This past Sunday's front page story in the Los Angeles Times sounded an increasingly familiar and alarming cry: More than 1 million tablets of OxyContin — by far the nation's both bestselling and widely abused painkiller — have ended up in the hands of Los Angeles criminals and addicts. The news is disturbingly consistent with other reports we are reading from around the country. According to government statistics, overdose deaths from prescription opioids have nearly quadrupled since 1999. More than 194,000 people have died. It's estimated that nearly 4,000 people begin abusing those drugs every day in this country as the prescription drug epidemic continues to bleed into a heroin crisis that is becoming pandemic, destroying families and communities in its wake.
The link between prescription painkillers and heroin is in no way exclusive to OxyContin. The painkiller Fentanyl, for example, was recently referred to in a report by the New York Times as "heroin's deadly cousin." This pharmaceutical is meant for cancer patients already on painkillers but experience pain that cuts through their standard medication. Fentanyl is up to 50 times more potent than morphine and dealers are said to cut it into a number of other drugs to increase the high along with the danger for unsuspecting buyers.
According to the health news and information website, HealthGrove, though doctors are typically not advised to prescribe this drug, even for acute postoperative pain, some do. Beyond its role in the illicit drug trade, the prescribed use of Fentanyl can, and has, caused patient complications, including death.
In a world overrun with pharmaceuticals, no one should feel at all distanced from this problem. Some of the most dangerous drugs we may be exposed to are not opioids. They are legally prescribed. Many don't require a prescription.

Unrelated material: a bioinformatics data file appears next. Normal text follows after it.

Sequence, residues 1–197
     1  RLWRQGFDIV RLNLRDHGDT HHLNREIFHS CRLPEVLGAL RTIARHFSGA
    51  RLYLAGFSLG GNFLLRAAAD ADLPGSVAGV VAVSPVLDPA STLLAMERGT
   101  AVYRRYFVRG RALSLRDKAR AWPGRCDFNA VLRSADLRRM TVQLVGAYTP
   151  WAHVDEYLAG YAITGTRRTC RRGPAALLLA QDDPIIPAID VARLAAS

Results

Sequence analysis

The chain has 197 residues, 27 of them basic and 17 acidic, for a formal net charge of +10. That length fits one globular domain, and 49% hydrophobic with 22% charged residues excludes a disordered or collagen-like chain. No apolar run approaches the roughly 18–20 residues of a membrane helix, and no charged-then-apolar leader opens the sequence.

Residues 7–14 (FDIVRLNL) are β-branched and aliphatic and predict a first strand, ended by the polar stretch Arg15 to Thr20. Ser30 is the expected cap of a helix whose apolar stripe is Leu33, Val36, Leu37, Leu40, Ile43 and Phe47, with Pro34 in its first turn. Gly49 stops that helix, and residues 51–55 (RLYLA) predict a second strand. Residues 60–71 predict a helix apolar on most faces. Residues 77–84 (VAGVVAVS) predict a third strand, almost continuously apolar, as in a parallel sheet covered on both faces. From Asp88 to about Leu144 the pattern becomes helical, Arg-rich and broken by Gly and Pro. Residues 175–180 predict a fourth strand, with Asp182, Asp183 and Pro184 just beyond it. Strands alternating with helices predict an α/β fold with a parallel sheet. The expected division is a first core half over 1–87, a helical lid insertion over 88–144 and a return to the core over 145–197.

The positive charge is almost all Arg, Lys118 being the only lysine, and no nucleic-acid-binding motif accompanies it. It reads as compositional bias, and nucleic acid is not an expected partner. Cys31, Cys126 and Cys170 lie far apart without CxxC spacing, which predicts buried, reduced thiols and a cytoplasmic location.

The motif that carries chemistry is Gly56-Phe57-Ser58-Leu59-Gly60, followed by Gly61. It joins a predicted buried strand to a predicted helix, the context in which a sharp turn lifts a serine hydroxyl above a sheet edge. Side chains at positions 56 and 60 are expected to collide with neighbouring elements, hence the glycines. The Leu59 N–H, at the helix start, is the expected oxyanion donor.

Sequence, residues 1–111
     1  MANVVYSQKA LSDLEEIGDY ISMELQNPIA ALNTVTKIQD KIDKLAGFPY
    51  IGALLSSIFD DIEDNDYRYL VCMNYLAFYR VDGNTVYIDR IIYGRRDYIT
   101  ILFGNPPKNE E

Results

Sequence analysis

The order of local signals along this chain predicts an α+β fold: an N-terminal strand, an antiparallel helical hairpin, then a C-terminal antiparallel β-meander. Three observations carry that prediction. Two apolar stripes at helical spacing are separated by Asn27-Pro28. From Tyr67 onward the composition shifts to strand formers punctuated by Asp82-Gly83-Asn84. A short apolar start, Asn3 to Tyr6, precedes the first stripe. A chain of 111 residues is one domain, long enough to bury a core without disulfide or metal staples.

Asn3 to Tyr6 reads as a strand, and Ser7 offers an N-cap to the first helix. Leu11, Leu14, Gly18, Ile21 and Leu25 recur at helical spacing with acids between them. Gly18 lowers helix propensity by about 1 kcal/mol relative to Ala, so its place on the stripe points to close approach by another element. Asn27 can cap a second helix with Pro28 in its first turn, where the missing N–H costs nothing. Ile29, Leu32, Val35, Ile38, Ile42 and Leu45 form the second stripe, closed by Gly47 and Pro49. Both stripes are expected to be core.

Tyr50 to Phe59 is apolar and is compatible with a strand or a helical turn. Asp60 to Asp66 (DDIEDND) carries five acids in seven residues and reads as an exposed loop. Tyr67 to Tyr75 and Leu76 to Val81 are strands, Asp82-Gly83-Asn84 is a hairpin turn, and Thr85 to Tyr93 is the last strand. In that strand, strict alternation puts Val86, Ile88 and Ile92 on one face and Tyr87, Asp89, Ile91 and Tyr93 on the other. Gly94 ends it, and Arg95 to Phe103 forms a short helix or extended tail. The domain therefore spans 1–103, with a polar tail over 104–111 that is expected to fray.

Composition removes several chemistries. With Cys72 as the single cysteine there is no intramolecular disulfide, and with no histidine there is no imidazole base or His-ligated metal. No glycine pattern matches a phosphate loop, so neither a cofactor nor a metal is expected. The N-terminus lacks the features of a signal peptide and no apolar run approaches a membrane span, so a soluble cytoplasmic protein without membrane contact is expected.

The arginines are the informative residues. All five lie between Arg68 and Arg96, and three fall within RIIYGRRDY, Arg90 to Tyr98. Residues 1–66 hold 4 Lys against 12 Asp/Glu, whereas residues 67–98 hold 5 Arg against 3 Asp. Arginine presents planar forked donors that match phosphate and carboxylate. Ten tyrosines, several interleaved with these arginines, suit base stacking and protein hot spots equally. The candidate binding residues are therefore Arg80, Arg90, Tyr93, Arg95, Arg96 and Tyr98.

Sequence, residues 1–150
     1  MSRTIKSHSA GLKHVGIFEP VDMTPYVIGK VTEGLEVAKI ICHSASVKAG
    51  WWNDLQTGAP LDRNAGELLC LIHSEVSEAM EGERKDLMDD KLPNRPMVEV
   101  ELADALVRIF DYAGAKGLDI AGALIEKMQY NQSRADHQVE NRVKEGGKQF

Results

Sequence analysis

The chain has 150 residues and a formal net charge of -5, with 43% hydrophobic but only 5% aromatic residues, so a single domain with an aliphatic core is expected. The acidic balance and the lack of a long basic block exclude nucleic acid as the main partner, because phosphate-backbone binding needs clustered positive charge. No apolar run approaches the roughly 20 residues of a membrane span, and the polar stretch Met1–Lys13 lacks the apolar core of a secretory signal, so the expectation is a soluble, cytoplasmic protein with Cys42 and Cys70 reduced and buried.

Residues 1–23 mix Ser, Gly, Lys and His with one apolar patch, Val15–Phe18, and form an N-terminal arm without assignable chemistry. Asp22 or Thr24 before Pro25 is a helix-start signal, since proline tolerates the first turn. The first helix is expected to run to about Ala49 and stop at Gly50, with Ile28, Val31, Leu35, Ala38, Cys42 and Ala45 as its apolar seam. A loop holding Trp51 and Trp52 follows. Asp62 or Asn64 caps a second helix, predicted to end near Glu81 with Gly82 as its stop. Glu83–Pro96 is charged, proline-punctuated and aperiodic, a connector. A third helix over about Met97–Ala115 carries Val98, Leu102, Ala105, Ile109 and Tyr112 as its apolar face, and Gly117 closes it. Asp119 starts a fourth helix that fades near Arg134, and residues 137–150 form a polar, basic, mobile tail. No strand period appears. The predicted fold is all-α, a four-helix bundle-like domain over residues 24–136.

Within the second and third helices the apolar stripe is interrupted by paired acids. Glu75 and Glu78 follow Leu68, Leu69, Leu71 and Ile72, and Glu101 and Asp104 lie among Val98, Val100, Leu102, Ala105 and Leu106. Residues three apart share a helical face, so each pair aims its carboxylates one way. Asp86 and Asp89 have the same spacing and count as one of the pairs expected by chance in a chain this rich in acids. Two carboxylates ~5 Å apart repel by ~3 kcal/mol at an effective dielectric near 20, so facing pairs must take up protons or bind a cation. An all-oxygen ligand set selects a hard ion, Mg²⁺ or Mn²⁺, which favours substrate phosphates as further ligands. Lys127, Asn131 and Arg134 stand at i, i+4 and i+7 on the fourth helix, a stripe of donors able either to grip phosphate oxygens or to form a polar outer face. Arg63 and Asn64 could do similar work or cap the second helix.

Using data from the Food and Drug Administration for 2004 through 2015, Health Grove looked at the 150 drugs that are involved in the highest number of adverse reactions. It then ranked them by the percent of these reactions classified as serious and came up with its list of what it considers the "50 Most Dangerous Drugs." Fentanyl ranked number 40. OxyContin came in at number 31.
(To view the full list of Most Dangerous Drugs log on to — http://drugs.healthgrove.com/stories/12356/most-dangerous-drugs)
Number one on the list is the drug cyclophosphamide, a powerful pharmaceutical used to treat certain malignancies, as well as Hodgkin's disease, leukemia and other conditions. According to webmd.com, second malignancies have developed in some patients treated with cyclophosphamide and treatment can cause significant suppression of immune responses in patients. Also on the list are more common over-the-counter drugs like Aspirin and Tylenol (acetaminophen). According to the Food and Drug Administration, there are more than 300,000 over-the-counter drug products on the market and, since 1975, more than 100 ingredients, indications, or dosage strengths have gone from prescription only to over-the-counter status. Four out of five American adults commonly take over-the-counter medications.
The report stresses that many of the drugs listed may not be inherently dangerous, but in improper dosages, or combining them with other medicines can dramatically increase risk of harmful, even deadly reactions. It's also noted that one-third of Americans "combine medications when treating multiple symptoms."